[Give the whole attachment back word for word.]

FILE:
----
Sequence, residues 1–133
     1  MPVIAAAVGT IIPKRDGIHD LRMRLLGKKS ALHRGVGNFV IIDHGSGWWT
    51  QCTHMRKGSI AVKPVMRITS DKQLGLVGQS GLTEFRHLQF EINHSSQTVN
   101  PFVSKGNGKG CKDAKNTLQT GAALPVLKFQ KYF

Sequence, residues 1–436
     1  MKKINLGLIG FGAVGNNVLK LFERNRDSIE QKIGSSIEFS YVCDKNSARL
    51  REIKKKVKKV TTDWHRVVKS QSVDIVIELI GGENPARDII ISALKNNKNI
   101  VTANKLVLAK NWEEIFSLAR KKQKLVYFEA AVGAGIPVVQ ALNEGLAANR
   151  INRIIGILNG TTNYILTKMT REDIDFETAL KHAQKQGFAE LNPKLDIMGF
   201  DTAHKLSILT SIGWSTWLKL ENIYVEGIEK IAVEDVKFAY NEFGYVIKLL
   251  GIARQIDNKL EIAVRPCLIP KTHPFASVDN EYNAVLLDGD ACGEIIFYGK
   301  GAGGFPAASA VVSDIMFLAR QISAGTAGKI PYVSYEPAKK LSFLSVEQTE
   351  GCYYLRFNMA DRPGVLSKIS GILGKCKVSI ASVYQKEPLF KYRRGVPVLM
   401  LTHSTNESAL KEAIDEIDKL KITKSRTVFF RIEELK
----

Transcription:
Sequence, residues 1–133
     1  MPVIAAAVGT IIPKRDGIHD LRMRLLGKKS ALHRGVGNFV IIDHGSGWWT
    51  QCTHMRKGSI AVKPVMRITS DKQLGLVGQS GLTEFRHLQF EINHSSQTVN
   101  PFVSKGNGKG CKDAKNTLQT GAALPVLKFQ KYF

Sequence, residues 1–436
     1  MKKINLGLIG FGAVGNNVLK LFERNRDSIE QKIGSSIEFS YVCDKNSARL
    51  REIKKKVKKV TTDWHRVVKS QSVDIVIELI GGENPARDII ISALKNNKNI
   101  VTANKLVLAK NWEEIFSLAR KKQKLVYFEA AVGAGIPVVQ ALNEGLAANR
   151  INRIIGILNG TTNYILTKMT REDIDFETAL KHAQKQGFAE LNPKLDIMGF
   201  DTAHKLSILT SIGWSTWLKL ENIYVEGIEK IAVEDVKFAY NEFGYVIKLL
   251  GIARQIDNKL EIAVRPCLIP KTHPFASVDN EYNAVLLDGD ACGEIIFYGK
   301  GAGGFPAASA VVSDIMFLAR QISAGTAGKI PYVSYEPAKK LSFLSVEQTE
   351  GCYYLRFNMA DRPGVLSKIS GILGKCKVSI ASVYQKEPLF KYRRGVPVLM
   401  LTHSTNESAL KEAIDEIDKL KITKSRTVFF RIEELK